The autism community has taken action by getting the Center for Disease Control’s safety subcommittee to assign a specific medical code for wandering, which will be in conjunction with the diagnosis of ASD. By doing this, it is hoped that doctors will more readily recognize wandering as a legitimate diagnosis that they can address with the parents or other caregivers (the new code applies to adults with ASD as well). The American Academy of Pediatrics is also preparing a fact sheet to educate doctors on the topic so that they can better work with parents to try to reduce the incidence of wandering. The new code may also make it easier for parents to seek reimbursement from their insurance companies for alarms and tracking devices, and it may make it easier for parents to argue to their schools that a one-on-one monitor is needed as part of the child’s Individualized Education Plan (IEP). The new code takes effect in October 2011.

Lori McIlwain, Chairwoman of the National Autism Association, recently discussed how to deal with wandering:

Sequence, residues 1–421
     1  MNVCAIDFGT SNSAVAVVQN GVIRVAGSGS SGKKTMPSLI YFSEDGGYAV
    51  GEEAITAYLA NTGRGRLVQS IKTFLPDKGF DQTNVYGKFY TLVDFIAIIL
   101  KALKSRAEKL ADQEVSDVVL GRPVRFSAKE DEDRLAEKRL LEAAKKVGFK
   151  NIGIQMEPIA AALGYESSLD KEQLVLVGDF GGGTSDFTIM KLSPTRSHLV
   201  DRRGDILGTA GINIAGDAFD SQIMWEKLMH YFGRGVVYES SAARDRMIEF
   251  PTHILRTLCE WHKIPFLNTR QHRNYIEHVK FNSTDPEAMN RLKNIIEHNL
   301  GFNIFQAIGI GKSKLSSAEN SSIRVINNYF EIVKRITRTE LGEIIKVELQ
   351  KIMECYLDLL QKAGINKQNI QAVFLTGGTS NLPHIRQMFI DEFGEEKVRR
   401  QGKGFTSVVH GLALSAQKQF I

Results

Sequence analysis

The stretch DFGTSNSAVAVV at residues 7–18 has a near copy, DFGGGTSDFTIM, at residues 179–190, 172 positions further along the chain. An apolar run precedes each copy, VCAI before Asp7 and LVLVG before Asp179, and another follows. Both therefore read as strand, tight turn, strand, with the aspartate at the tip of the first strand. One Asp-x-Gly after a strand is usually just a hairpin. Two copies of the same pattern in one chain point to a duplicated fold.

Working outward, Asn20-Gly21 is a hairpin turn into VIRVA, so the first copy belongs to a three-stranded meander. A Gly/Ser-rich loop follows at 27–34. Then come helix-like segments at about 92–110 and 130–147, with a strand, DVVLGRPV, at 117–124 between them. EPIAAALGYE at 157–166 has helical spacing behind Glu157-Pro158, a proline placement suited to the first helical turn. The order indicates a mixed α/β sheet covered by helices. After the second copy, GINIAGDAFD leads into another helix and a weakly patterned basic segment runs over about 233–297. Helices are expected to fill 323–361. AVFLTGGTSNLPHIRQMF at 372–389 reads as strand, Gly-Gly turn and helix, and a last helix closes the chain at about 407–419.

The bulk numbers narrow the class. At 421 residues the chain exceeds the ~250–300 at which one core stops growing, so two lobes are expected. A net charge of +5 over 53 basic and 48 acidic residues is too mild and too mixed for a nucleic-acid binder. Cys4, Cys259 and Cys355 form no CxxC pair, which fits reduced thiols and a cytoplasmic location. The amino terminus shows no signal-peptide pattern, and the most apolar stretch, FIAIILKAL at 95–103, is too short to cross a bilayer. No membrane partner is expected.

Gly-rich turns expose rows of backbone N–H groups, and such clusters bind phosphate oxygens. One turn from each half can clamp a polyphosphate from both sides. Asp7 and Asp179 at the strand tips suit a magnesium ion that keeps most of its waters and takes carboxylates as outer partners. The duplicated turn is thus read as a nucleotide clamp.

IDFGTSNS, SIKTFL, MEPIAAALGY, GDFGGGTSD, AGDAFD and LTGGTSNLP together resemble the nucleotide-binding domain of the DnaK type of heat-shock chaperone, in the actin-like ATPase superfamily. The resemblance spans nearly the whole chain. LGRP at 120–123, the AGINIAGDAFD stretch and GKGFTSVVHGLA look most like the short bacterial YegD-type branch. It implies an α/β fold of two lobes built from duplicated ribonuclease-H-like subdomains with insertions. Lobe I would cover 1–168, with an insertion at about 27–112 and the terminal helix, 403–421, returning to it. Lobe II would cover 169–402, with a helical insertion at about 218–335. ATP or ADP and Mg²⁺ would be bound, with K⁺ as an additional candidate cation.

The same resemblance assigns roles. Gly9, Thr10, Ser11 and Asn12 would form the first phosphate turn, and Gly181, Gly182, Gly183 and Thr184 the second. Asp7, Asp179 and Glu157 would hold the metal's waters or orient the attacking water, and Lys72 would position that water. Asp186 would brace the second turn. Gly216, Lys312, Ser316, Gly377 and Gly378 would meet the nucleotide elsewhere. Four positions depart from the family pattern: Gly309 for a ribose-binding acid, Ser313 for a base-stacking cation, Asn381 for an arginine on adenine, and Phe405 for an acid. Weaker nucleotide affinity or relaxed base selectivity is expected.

The best overall strategy is a multi-tiered approach, which includes educating the child about safety and dangers using whatever means of communication works, including social stories, language and/or visual prompts. It’s also important that caregivers—and schools—work to understand what is causing, or contributing to, the wandering or bolting behaviors so that any triggers may be addressed or eliminated.

Have any of our readers had any experience with wandering? I’d like to hear your stories as to how you deal with it and how it affects your life.

Related Nash and Associates Links:

Dogs a Huge Help to Special Needs Kids

The Daily Struggle of Raising a Disabled Child

Many Parents Still Believe Vaccines Cause Autism

 

 

Photo courtesy of: Issueswithautism.com

Service dogs in school — a fresh look

Friday, July 22nd, 2011
Service Dog and Boy

service dogs

A while back I wrote a piece on the topic of service dogs for kids and mentioned the use of service dogs in schools. A regular reader of our blog then wrote in with a number of comments and questions about the propriety of dogs in schools. To help answer her questions, I recently spoke with Nancy Fierer, who is the Director at Susquehanna Service Dogs in Harrisburg, Pennsylvania, which is an organization that trains and places service dogs. Susquehanna is the organization that placed two of the dogs mentioned in this NPR story.

The ADA and dogs in school